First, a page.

Installing pgsql as a aservice on Windows

Get the latest pgsql from here and if you need postgis from here.

Unpack the pgsql zip to a desired destination.

Create a directory for the db files.

Navigate to the bin folder of pgsql and run the following command: 

initdb -U postgres -E UTF-8 -A md5 -D <path to data directory> -W

When prompted, provide the master pass. Your console should look like this:


Now it's time to adjust the db cfg. You may find it in the db files folder, it is called "postgresql.conf". Make sure you adjust the port the db listens on and also that it is available for localhost:

#------------------------------------------------------------------------------
# CONNECTIONS AND AUTHENTICATION
#------------------------------------------------------------------------------

# - Connection Settings -

listen_addresses = 'localhost'		# what IP address(es) to listen on;
					# comma-separated list of addresses;
					# defaults to 'localhost'; use '*' for all
					# (change requires restart)
#port = 5432				# (change requires restart)

By default pgsql listens on 5432. If you already have another pgsql live or need to change it for whatever reason, simply adjust the port value.

Once this is ready, it's time to create a service for our db (you may need to run the console as an admin though):

pg_ctl register -N ServiceName -U postgres -P <password> -D <path to data directory> -w

The console should look like this:


And the service should be visible in the service manager:


If you wish to rename the service then simply delete it and register again:

sc delete ServiceName

The final step is to adjust the service properties, such as a user that runs the service (by default it runs as NetworkService) or the startup mode:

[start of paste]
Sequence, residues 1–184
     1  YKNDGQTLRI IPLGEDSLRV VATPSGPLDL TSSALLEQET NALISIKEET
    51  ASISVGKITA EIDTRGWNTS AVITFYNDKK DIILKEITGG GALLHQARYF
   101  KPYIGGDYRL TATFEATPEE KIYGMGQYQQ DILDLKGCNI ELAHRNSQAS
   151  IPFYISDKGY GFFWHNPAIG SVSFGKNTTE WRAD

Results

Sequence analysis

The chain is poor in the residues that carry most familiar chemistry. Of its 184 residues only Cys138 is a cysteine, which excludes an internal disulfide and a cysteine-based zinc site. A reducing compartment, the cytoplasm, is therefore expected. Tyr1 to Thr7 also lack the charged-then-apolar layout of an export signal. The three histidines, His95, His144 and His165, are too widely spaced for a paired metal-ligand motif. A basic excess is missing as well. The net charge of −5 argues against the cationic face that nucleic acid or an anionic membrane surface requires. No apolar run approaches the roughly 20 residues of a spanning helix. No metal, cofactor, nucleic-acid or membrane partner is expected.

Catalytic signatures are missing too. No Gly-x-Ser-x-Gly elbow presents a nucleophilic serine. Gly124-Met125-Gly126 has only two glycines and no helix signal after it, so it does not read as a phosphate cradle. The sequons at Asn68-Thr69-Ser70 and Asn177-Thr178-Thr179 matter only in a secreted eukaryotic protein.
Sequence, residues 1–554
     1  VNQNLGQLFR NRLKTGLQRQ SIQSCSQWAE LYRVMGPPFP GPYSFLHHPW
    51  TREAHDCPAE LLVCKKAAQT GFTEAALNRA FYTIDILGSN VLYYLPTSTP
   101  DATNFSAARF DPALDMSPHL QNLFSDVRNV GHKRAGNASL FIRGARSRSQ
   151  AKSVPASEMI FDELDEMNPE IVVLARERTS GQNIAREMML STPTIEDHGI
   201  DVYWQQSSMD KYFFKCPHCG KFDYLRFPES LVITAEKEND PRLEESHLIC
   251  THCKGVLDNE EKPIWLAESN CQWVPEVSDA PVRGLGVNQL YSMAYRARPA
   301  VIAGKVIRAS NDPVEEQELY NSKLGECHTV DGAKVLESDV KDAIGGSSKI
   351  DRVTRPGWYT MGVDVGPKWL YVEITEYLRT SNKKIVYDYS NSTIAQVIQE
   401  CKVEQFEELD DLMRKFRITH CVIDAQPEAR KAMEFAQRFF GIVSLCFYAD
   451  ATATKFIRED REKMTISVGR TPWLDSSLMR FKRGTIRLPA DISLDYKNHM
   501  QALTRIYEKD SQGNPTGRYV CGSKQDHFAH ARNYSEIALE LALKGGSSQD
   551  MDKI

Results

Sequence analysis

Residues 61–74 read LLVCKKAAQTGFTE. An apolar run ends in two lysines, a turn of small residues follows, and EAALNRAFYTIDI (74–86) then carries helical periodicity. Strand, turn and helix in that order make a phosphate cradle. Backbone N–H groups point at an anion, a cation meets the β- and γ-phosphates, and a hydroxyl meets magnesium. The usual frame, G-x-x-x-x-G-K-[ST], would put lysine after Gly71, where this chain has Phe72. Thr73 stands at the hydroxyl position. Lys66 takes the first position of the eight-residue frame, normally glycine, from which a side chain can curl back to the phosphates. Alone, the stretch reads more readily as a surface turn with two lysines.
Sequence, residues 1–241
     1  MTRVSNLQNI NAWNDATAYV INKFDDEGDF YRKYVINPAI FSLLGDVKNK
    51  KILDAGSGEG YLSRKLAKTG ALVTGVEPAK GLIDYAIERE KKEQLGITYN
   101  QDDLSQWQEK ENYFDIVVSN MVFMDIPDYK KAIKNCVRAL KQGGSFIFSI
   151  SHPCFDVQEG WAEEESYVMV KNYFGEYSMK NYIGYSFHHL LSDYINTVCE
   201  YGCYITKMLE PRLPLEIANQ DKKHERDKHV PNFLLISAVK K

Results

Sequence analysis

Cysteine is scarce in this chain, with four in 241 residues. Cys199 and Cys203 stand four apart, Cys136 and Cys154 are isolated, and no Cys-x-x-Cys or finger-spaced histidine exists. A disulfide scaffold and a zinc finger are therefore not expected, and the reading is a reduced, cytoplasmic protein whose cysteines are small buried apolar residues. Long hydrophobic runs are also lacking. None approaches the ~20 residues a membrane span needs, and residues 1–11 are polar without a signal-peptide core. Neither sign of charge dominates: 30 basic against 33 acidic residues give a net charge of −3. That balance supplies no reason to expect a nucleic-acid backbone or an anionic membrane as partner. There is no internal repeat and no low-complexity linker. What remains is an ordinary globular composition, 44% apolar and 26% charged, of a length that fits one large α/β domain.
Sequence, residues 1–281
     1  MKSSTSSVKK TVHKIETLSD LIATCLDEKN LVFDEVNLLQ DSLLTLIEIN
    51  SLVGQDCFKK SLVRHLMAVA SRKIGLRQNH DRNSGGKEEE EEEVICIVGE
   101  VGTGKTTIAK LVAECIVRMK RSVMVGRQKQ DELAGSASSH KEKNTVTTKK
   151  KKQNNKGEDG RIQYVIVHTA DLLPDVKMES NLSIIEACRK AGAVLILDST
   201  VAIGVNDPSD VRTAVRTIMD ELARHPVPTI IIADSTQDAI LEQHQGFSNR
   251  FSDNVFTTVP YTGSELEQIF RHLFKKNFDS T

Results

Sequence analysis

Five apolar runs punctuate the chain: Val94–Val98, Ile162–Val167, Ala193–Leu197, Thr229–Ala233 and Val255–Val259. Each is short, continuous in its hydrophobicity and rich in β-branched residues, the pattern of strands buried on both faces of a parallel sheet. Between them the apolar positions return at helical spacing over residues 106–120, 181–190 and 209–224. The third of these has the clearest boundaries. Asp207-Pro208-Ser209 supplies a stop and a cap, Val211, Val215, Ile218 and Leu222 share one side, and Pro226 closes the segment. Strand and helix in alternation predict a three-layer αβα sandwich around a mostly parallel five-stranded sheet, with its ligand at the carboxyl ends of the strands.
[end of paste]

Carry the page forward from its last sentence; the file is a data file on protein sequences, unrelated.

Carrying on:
Now, if you also need postgis, simply use the exe installer and you're good to go.

OGC xml schemas to c# classes using xsd.exe

The process of generating c# classes off the xsd is usually rather simple. One needs the xsd.exe utility (for example located here: C:\Program Files (x86)\Microsoft SDKs\Windows\v8.1A\bin\NETFX 4.5.1 Tools) and then a simple command to get things done:

xsd schema.xsd /c

Sometimes there may be some problems though with missing refs, namespaces and such.

In this example, I will generate classes for WMS 1.3.0 based on the OGC schemas - it is possible to grab them one by one, or all the goodies wrapped as a zip archive.

I have extracted WMS 1.3.0 schemas to f:\wms\schemas, so my command should look like this when in f:\wms (I have copied xsd.exe there too):

xsd schemas\capabilities_1_3_0.xsd /c

Unfortunately there are some problems and classes do not get generated:

The problem here is caused by unresolved references. Xsd was not able to find xlink.xsd. Although there is a xlink schema in OGC repo, this is not the one we're after. The one in question is the mentioned http://www.w3.org/1999/xlink, and its schema definition is http://www.w3.org/1999/xlink.xsd, pretty much as defined in the very beginning of the capabilities_1_3_0.xsd I am trying to process:

<?xml version="1.0" encoding="UTF-8"?>
<schema targetNamespace="http://www.opengis.net/wms" xmlns:xlink="http://www.w3.org/1999/xlink" xmlns:wms="http://www.opengis.net/wms" xmlns="http://www.w3.org/2001/XMLSchema" elementFormDefault="qualified" version="1.3.0.2">
	
	<!--
		WMS is an OGC Standard.
		Copyright (c) 2004,2010 Open Geospatial Consortium.